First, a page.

View Full Version : Interview Mic(s) on a Budget
07-09-2004, 05:59 AM
Ok, so I'm shooting a DVD that will be about an hour in length. Lots of interviews. I blew most of my budget for this on the camera, tripod, lights, etc. I have most of what I need, but I still need a good audio setup. My plan was to put a shotgun on the camera and then put a wired lav on the subject and record dual-channel. I just read, however, that you're likely to not get great sound with an on-camera shotgun. I don't have the ability to put a shotgun on a boom at this point. Taking the fact that I'm on an extreme budget constraint here (I was struggling to figure out how to get an me66/k6 and a wired lav) what do you guys recommend? Should I just get the lav and do my best to get good audio from that? Or is it worth spending a bunch of cash on a shotgun that I'll have to mount on the camera about 20 feet away. To be honest, I'd really rather just get the lav, but I'm worried that I won't get good enough sound from that alone. If I do decide to just go with the wired lav, what are some good ones for under $200. Thanks for your help!
if it 20 feet from the camera , use the lav, theshotgun on the camera wouldnt be useful,
for good lav you can use countryman emw , use the shelved version for place the lav under cloths if you dont wont it be vissible in frame .
the phantom powered version is about 170-200 $
thats about interwius *if your set up is correct for hall movie , in case you need take ambience as well ,the internal camera mike sucks and the laviar is not the unsewr .
check the octave mc 12 with hc head , it can do a treac or there are few lo cost Audio technica cardiods mikes under 100$ (dont remember the name but works for some people)
not to think about sound when you get a camera is in some way to buy a car and dont have money for gasoline :-)
Sure lavs are a good buy at about $165 via B&H - just used them in a noisy room shoot. Got 30 foot cables locally.
07-10-2004, 10:15 PM
Or is it worth spending a bunch of cash on a shotgun that I'll have to mount on the camera about 20 feet away. To be honest, I'd really rather just get the lav, but I'm worried that I won't get good enough sound from that
I'm in the same position as you. And, like you, I was tempted just to get a lav. But the quality of a lav, even a good one, is inferior to a decent shotgun mic. So I've decided to get the shotgun mic. Again, like you, I'm shooting interviews but won't be able to mount the shotgun mic on a boom. But I can attach it to a mini tripod and have it within four or so feet of my subject, off camera. That way, I won't pick up any camera noise, it will be about as close as if it was being held above on a boom, and best of all, the sound will be much better than a lav. Is that an option for you?
07-11-2004, 06:57 AM
I have shot two feature docs using nothing but lavs for sound. One of them got transfered to 35 and the other was broadcast on TV. Although I am not going to say sound was a strong point in any of them, they were good finished pieces. Ok, the audio was not top class, but was reasonable considering our restrains (we couldn't afford sound guys on one, and on the other we had to keep "the" minimum crew). I'm starting a setup and I only have a lav for now, but that is for lower quality corporate work and such. The moment I need better sound I will not hesitate to rent stuff and to get a sound technican... Sometimes you have to work under the ideal situations...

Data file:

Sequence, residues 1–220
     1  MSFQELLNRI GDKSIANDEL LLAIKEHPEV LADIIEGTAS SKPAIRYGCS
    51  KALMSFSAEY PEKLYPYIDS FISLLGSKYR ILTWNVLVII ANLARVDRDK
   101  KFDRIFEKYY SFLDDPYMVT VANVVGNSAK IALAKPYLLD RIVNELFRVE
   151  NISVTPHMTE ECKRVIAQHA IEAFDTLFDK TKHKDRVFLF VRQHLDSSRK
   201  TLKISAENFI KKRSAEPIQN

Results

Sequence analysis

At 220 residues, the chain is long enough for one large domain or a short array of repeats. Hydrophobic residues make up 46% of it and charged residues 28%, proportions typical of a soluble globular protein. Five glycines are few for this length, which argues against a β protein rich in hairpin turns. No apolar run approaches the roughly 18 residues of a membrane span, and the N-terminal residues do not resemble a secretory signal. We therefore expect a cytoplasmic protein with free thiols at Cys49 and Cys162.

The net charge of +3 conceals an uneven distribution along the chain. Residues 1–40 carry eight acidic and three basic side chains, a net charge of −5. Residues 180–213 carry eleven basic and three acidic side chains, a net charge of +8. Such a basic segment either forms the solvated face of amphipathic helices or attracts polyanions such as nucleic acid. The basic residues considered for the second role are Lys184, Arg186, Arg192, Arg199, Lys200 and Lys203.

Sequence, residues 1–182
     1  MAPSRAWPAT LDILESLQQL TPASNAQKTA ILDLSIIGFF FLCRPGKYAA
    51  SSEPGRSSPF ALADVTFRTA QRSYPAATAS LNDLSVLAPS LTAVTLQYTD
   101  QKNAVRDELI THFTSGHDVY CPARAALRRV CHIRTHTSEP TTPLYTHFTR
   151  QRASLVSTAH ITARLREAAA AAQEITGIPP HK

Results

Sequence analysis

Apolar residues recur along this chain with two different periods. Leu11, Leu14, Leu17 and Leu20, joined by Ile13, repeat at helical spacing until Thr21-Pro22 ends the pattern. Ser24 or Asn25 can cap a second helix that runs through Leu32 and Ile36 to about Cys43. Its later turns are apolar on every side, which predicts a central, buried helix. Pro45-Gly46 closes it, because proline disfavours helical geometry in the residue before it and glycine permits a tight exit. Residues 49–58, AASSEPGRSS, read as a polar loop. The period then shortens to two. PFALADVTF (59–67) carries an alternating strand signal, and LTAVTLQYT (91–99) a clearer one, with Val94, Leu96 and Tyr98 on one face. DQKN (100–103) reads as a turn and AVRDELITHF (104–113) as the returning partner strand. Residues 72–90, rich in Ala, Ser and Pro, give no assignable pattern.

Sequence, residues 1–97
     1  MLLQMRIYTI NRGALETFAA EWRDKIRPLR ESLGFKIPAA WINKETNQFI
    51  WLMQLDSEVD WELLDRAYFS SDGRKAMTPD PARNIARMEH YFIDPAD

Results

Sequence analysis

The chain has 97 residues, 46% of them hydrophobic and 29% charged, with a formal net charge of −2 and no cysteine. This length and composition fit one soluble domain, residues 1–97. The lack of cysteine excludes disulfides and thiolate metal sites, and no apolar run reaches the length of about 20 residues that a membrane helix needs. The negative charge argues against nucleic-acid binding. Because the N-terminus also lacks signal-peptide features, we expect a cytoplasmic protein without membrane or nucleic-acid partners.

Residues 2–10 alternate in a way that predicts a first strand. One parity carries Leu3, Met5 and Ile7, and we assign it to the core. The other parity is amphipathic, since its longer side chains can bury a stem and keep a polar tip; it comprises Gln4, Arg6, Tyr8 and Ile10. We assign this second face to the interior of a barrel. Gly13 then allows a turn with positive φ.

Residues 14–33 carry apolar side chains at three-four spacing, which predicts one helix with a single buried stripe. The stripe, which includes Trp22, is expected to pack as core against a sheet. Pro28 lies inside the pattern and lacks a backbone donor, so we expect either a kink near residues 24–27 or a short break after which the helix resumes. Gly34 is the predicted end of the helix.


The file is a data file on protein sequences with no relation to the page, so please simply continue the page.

07-11-2004, 06:19 PM
This summer I've been working on a documentary regarding a specific segment of the medical industry. We've been doing interviews with doctors from all over the country and we've been around the country... on most of these shoots I was responsible for everything technical... camera, lights, sound.
I relied on the Oktava hyper almost continuously... I tried various lavs, and an AT4073a, but the Oktava hyper ALWAYS sounded the best of anything.
Keep in mind that these were very controlled interviews with fairly predictable sound levels and little movement. I guess you'd call those "static interviews"? Like you see on 60 Minutes or the Jon Stewart Show... 2 person interview...
Anyway, when I did these I used a 30-50' XLR and the Bogen boom stand that you can get from B&H for $118... That stand will let you boom a mic out to about 8' or so... This way I would sit the subject and lower the Oktava to just outside of frame... it worked great and sounded great. Also not having to place a lav on the subjects made a big difference in their comfort level and the quality of the interview. On the few shoots where I had the luxury of a sound guy (lavs and boom) our subjects were like statues... rather then the flowing, natural behavior of my boom-only subjects.
Also being able to run 50' of XLR back to the camera takes care of all the wireless issues...
Of course conditions need to be right for this all to be so simple... but many interviews follow this same, basic format.
As you'll hear here, the Oktava isn't really a "high-end" hyper, but it's lots warmer then the me66... The audio in this clip is at 64 Kbits instead of the usual 96 Kbits so it's a third less clear then my usual audio only samples. Windows media won't let me bring the audio quality up and picture quality down for the same file size.
Click HERE for a sample Oktava setup as described above! (http://www.gettreel.com/Oktava%20on%20deck.wmv)
Sorry I kept my arms crossed! A buddy of mine is giving me hell about that... Anyway you can see the BBG just in the top of the frame... normally I'd close in a bit and crop that out... but this way you can see the working distance in the situations I described. This would have sounded a lot better indoors too... but what the hell... here it is. *:P